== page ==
The buck just might stop with you. So, don’t pass it!!!
A faulty ignition switch on a number of General Motors vehicles led to the deaths of at least 13 people. The buck now sits with GM’s new CEO Mary Barra. (The celebratory cakes honoring Ms. Barra, GM’s first female CEO were hardly sliced before she was overwhelmed by this crisis). Last week she fired 15 people at GM over their tragic failures to take responsibility.
Over at the VA, the buck stopped with General Eric Shinseki who recently resigned after widespread reports of long delays, fudged records, and preventable deaths.
Shinseki bore the brunt of the blame for widespread systemic failures. And Barra (in place of Rick Waggoner, CEO at the time of GM’s errors) stands in, in embarrassment for the company she loves. And on some level it is absolutely right that the buck stops at the top! There is no doubt that in the case of GM and the VA there are major values/systems/structures issues for which the chief must account. Accurate information was not flowing “up,” and so serious issues were not managed. In GM’s case, at least tens of people knew of the design problem. CEO Barra is going to have to figure out how her “silos” of design engineers, test engineers, dealer service departments, communications people, and legal – to quickly name a few – must communicate better in the interest of customers and the company’s long term welfare. Organizational leaders must demand honesty and customer focus, and create systems that enable these to thrive. GM and the VA failed at both.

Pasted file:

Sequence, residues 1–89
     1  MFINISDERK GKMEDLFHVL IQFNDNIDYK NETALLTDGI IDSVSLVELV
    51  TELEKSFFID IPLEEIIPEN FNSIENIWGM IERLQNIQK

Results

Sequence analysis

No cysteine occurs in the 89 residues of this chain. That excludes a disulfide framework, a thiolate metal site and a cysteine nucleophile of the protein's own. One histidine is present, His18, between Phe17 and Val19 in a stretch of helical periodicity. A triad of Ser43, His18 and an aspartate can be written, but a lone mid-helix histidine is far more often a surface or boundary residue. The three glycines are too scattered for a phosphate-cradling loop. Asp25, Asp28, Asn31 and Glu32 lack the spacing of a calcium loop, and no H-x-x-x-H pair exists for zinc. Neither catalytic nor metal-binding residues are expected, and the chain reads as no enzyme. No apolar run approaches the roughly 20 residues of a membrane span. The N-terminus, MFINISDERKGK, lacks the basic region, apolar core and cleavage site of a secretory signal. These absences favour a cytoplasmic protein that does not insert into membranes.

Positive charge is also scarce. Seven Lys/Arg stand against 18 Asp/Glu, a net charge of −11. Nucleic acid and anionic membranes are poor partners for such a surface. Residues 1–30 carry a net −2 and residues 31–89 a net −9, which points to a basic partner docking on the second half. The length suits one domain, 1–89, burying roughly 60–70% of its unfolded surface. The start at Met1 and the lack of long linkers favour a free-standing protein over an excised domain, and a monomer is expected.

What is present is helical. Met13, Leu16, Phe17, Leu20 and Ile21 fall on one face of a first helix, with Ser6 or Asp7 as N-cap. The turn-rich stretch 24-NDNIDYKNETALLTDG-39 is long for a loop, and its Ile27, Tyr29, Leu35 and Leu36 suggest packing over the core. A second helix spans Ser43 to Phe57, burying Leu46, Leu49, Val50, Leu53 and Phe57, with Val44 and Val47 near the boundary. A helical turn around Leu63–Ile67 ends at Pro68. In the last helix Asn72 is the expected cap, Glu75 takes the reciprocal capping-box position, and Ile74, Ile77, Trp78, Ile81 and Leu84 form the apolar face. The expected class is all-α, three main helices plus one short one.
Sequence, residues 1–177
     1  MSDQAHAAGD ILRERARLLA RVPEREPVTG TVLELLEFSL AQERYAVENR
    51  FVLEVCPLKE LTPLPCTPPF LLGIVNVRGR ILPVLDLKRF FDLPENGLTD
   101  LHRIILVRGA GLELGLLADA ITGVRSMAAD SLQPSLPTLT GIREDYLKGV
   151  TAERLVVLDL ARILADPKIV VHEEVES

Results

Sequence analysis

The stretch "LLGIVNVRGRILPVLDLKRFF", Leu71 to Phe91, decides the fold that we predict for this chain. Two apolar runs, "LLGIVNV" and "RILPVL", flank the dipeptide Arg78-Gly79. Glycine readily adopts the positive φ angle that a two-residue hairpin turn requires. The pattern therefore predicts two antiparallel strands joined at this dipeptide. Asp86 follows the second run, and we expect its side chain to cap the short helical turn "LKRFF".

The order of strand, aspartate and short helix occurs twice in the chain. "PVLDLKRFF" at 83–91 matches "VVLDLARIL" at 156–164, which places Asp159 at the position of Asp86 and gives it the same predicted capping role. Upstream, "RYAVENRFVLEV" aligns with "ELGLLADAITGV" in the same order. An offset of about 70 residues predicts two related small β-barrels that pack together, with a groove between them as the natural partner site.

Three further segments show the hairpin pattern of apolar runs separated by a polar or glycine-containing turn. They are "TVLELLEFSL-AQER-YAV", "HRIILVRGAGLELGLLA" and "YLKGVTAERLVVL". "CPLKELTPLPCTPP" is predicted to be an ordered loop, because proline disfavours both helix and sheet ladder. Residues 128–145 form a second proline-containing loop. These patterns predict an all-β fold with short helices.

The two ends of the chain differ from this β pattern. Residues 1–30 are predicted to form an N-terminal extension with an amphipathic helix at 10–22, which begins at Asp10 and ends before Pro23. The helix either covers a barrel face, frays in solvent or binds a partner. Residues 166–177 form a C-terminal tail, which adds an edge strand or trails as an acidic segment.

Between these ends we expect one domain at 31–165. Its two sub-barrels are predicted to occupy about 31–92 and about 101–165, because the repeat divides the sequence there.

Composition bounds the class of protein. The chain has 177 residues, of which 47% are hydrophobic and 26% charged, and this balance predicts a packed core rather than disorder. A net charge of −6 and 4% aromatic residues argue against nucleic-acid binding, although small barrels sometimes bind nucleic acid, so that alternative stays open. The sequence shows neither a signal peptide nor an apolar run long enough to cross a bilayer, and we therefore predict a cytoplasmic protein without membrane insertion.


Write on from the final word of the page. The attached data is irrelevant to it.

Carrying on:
Yet I wonder, “Where were the everyday leaders at GM and the VA?” This blog is entitled “Look out,” because so many of us could be where those 15 people at GM were, i.e., thinking they had only a little responsibility for something and perhaps thinking, “somebody else is taking care of this,” or “I can’t believe those idiots aren’t dealing with this.”
These 15 people getting fired at GM did know. Whistleblowers at the Phoenix VA thankfully did act. But often we think someone else is taking care of a problem and absolve ourselves of responsibility. Examples are so easy to come up with: where firms overbill….where companies fudge numbers….where higher-ups skirt the tax laws…where government officials campaign on the public dime…where unsafe practices seem too complicated to fix…where teachers aren’t teaching….or students are systematically cheating. Where are you as an everyday leaders failing to lead – tolerating or looking the other way? Tolerating something that if the boss knew, or if you were “the” leader, you would take care of. But you’re not “the” leader, are you?
What buck will stop with you this week, as you
Lead with your best self!